No reptiles would ever consider prey even remotely close to the size of a human, and as such would prefer to get away from us than attack us. That does not make them docile, though. Water snakes are notoriously vicious when cornered and will strike at anyone trying to pick them up or handle them, and while not venomous their saliva has anti-coagulant in it making any bite bleed profusely. Snapping turtles, too, can strike out defensively from a full body-length away. All that is to say, don’t accost reptiles and they won’t tussle with you.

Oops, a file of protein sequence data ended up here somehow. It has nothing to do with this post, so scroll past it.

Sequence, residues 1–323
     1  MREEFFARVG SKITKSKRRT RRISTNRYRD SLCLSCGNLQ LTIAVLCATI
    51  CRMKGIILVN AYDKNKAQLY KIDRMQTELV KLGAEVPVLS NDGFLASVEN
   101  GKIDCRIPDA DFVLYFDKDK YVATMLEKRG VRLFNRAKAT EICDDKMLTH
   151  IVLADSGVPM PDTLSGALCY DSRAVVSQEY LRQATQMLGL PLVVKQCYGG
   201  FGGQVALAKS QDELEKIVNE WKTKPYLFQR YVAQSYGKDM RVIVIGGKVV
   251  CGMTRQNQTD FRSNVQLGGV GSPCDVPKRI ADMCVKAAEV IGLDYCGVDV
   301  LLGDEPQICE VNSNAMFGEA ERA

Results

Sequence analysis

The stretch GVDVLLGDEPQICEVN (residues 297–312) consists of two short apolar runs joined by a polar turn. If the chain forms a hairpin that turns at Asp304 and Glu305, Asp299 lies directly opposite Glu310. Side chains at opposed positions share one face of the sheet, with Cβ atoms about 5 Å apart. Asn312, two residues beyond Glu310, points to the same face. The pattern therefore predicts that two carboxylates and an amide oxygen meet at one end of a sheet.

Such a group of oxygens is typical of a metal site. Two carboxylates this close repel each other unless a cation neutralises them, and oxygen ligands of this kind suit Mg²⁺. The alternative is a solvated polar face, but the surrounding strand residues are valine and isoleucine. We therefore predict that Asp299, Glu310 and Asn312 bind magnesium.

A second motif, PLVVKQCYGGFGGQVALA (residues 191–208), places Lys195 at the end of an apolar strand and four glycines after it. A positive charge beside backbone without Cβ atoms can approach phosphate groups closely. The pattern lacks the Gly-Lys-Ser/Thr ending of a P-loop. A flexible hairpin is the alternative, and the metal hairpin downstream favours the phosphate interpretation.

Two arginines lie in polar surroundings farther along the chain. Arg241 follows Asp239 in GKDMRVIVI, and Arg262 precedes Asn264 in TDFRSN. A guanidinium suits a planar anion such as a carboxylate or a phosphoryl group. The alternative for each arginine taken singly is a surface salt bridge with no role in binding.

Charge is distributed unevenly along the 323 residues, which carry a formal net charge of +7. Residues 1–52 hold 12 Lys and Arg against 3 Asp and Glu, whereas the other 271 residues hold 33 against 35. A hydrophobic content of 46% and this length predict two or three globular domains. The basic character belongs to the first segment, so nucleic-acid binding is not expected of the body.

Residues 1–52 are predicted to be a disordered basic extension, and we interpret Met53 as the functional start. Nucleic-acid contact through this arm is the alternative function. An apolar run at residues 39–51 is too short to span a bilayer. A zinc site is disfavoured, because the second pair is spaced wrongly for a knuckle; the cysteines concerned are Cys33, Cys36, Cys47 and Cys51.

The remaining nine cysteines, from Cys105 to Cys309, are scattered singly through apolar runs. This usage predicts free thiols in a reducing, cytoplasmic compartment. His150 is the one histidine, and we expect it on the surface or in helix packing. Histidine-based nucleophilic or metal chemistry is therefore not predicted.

As mentioned earlier, there is surprisingly little diversity among reptiles in Pennsylvania and a large percentage of them are Species of Special Concern. While there are no formal protections in place for this designation, their conservation is achieved via policy and not regulation. The primary threat to these reptiles is loss of habitat due to human uses and climate change. Specific habitat or areas that are found to contain these special folks are often designated as important reptile habitats and selected for land and water conservation efforts to stabilize populations.